Objective: To study the long-term outcomes of patients who have had endoscopic balloon dilation of Crohn's strictures.
Design: Retrospective case-note review over a 16-year period.
Patients: Patients with a Crohn's stricture causing obstructive symptoms and who had at least 6 months' follow-up data or a surgical outcome following dilation were sought; 59 patients (124 dilations) were identified.
Intervention: Patients all underwent endoscopic balloon dilation.
Results: Strictures were anastomotic in 53 patients (111 dilations) and de novo in six patients (13 dilations). The median stricture length was 3.0 cm. Median follow-up time was 29.4 months. Out of the total group, 41% of patients achieved long-term clinical benefit following dilation and in 17% after only a single dilation. The median number of dilations per patient was one. A total of 35 (59%) patients required surgery for their stricture during follow-up. There were two (1.6%) perforations as a result of dilation, one in an anastomotic stricture (managed conservatively) and one in a de-novo stricture (requiring surgery). There were no deaths.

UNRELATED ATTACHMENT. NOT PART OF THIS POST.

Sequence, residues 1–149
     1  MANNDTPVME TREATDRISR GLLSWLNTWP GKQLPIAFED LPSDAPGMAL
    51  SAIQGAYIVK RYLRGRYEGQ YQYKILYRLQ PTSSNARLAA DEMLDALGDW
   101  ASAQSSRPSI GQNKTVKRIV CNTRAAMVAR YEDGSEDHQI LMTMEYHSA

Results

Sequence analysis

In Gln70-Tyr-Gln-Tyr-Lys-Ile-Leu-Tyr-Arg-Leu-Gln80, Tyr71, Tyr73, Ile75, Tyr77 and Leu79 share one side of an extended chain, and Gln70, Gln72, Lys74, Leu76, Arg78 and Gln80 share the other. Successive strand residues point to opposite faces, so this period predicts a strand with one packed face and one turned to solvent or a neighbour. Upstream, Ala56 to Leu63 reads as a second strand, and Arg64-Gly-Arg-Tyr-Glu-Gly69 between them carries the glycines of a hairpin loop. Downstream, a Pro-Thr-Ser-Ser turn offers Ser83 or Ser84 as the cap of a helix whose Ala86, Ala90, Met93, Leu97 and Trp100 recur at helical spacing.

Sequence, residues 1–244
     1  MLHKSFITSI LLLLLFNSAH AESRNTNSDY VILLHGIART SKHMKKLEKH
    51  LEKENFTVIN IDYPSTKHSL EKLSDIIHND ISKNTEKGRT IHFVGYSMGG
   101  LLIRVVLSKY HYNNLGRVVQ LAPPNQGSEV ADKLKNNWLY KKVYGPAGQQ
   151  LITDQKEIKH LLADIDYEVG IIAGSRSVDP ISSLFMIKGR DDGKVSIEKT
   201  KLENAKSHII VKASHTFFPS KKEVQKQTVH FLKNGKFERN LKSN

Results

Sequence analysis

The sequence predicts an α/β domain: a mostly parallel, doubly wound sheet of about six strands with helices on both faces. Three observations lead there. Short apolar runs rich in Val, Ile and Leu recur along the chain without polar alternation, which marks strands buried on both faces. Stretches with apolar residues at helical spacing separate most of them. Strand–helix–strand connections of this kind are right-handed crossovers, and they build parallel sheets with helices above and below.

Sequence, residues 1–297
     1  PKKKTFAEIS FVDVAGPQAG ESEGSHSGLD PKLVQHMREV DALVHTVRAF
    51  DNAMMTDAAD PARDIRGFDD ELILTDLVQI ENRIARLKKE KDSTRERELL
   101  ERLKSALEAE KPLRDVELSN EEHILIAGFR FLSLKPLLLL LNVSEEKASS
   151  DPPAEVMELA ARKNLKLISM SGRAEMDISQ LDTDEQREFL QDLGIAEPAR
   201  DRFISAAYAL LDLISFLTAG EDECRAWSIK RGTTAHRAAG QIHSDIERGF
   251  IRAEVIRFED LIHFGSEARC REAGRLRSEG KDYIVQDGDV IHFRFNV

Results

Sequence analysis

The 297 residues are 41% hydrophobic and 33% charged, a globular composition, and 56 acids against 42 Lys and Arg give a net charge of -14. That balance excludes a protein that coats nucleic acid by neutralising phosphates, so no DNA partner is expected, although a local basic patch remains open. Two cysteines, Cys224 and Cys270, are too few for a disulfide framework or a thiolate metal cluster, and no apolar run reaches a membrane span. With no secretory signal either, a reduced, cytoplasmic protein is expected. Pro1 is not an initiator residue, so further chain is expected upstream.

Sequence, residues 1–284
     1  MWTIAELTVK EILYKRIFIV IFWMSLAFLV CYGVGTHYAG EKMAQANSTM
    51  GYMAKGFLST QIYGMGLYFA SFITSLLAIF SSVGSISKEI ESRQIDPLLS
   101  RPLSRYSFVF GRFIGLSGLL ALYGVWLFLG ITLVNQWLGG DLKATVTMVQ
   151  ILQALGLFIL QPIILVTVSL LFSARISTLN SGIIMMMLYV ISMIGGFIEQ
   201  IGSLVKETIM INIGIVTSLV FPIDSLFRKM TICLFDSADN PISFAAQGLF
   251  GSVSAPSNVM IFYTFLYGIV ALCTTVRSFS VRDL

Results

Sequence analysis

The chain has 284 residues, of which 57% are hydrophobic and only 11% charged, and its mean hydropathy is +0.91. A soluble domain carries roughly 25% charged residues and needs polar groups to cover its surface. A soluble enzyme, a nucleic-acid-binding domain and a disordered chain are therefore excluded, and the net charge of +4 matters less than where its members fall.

Conclusions: Colonoscopic balloon dilation of Crohn's strictures can achieve long-term clinical benefit in many patients. Repeat dilations are justified in initial non-responders. In this series, the procedure appears safe with low morbidity.